Finding gold in your image archives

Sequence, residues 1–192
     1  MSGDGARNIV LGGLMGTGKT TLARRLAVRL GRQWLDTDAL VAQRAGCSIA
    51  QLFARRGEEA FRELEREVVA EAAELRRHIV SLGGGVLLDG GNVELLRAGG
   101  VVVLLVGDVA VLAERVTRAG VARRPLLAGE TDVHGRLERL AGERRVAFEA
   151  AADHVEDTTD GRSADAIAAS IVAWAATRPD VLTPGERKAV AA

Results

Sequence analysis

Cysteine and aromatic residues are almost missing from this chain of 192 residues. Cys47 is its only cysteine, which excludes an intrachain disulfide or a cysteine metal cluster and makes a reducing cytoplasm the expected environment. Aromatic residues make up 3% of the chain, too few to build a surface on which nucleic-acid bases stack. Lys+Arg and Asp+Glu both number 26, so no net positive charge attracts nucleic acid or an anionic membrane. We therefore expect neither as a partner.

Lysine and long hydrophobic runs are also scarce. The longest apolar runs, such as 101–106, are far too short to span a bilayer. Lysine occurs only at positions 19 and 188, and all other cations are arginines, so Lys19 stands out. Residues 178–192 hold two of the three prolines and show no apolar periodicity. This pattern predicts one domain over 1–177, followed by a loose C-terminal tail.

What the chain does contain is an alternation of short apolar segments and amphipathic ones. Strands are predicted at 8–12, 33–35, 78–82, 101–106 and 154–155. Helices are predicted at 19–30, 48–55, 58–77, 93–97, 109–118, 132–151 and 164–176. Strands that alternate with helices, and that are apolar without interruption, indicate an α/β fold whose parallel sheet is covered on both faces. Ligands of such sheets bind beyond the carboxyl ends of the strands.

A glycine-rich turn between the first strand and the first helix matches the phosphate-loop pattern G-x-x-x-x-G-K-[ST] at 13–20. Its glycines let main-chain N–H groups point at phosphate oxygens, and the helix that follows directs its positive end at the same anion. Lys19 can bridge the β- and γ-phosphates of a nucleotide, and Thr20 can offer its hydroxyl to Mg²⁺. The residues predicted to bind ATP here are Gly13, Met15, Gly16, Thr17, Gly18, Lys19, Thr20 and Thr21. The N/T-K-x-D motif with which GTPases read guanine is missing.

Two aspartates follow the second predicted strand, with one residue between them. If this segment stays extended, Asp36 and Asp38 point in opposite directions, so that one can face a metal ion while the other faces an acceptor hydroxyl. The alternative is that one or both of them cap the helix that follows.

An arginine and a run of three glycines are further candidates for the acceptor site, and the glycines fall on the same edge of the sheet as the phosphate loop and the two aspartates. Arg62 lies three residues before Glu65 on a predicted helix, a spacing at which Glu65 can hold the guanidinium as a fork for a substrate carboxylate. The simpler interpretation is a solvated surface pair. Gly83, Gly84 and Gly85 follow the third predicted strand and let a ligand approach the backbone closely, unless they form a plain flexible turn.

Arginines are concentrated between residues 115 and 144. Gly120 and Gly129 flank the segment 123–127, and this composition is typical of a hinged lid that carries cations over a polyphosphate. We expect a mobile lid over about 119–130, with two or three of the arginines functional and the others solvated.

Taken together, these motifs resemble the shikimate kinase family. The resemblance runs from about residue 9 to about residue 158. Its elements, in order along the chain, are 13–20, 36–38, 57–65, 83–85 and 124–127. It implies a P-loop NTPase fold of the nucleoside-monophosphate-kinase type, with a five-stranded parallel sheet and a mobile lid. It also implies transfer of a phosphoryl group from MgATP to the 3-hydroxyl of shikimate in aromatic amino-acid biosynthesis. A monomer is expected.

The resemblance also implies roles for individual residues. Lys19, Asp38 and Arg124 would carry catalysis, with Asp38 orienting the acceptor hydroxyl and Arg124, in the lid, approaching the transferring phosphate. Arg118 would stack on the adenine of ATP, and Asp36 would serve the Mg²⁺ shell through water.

A post by: Rowan SimsPPNo doubt like many other photographers, so many of my images never have seen the light of day. This is usually for a good reason; they are out of focus, badly made, badly timed, they just don’t make the cut. Often these images well, just not the best. I have learned, however, that there may be gold hide in your archives, just waiting to be rediscovered, taken in the develop module and shared with the world. I have noticed that some time digging through old shoots some very positive results./PPMaybe you have found that your photo editing workflow follows a predictable pattern, like mine. After importing I adding meta data, then backing up RAW images from a shoot, take a look first-pass on the images, mark the few that initially stand out, and reject that clearly unusable. It is easy to run and then again by images that potential, to filter the highlighted images and comparing them to search for that the strongest or most accurately exposed select figure out. This gives me a small collection of images to edit./PPThen comes the fun part! Using any combination of Adobe Lightroom, Photoshop and Nik Software, I edit my pictures to see what they can be! After editing the selects, I want to back up both local and online to my Photoshelter-portfolio, which doubles as my photo archive in the cloud. Finally, these images are shared on social network accounts. Done, right? On to the next project, assignment, location …/PPBut maybe not. The images from CF cards are imported, I might end up with between 1-5 images I happy with ben. So if I come home to an epic landscape with 50-100 images, what happens to the other 95% of my photo shoot? If you’re anything like me, you probably have gigabytes of RAW images take up space on your hard drive. Have you ever revisited a hard drive to something you may have missed? I’ll make this a regular part of my workflow and I would claim that doing so is well worth your time./PPWill give you an example, here is a picture that I have made not long after moving to Mount Maunganui, New Zealand a few years ago. This is a shot of Tauranga Bridge Marina:/PPIMG title=”tauranga-bridge-marina-1.jpg” border=”0″ alt=”Tauranga bridge marina 1″ src=”” width=”600″ height=”399″/PPAlong this location dozens of times have driven, I already had an idea of the shot I wanted before I arrived. It was a cold evening, and the sky had not lit in the way I had hoped, so I continued past sunset and in twilight, my favorite time to shoot. Still nothing very inspiring, so I went home. I followed my usual workflow and ended up with the image above, which I was not totally satisfied with, so I moved on to the next thing./PPFast forward six months and I found myself reviewed that folder in Lightroom. I can’t remember what it asked, but after finding this image, I edited it very differently and ended up with the image below. It was much better received by fans and customers online and became one of my best-selling images last summer. Personally, I like this image a lot more than the first./PPIMG title=”tauranga-bridge-marina-2.jpg” border=”0″ alt=”Tauranga bridge marina 2″ src=”” width=”600″ height=”399″/PPOf course, it’s easy in hindsight to kick myself and wonder how I missed it, but this seems to happen on a regular basis. Something about the passage of time allows you to see images in a fresh light. Maybe it feels differently about the image itself, or that particular place, or simply that my post processing workflow evolved and I can see new possibilities in images. Whatever the reason, I rarely feel the same about one image per month, six months or a year later./PPHere is another example of Castlepoint, in lower North Island of New Zealand:/PPIMG title=”castlepoint-lighthouse-1.jpg” border=”0″ alt=”Castlepoint lighthouse 1″ src=”” width=”600″ height=”399″/PPAnd here is the picture I found and more than two years later modified:/PPIMG title=”castlepoint-lighthouse-2.jpg” border=”0″ alt=”Castlepoint lighthouse 2″ src=”” width=”600″ height=”399″/PPIt is natural for an artist or creative to look forward to the next project. I think it’s healthy for any artist or creative. It is a necessary part of growing and developing your craft. However, I believe also that it is healthy to think about previous work and see how far you have come. Search image archives is a great way to do this. Despite not having shot film since I was a kid, I compare this process with rummaging through boxes of exposed negatives and them keeping in mind the dark room to find the gold that have never been printed./PPI challenge you, if you don’t already spend some time rummaging through your archives. Go way back! On some of your first pictures! Or even something you shot last year; It doesn’t matter how old they are, just that you’re looking at it with a fresh perspective. Make it your next project. You’d be surprised what you come up with!/PPHave you found any hidden gems in your archives? Share with us in the comments below./PIMG class=”avatar avatar-78 photo” alt=”” src=”” width=”78″ height=”78″PRowan Sims is a landscape and travel photographer. He is based in the beautiful Mount Maunganui, New Zealand. His photography combines a passion for travel, the natural world, people, and humanitarian projects. Visit Rowan’s portfolio and see more of his work./P
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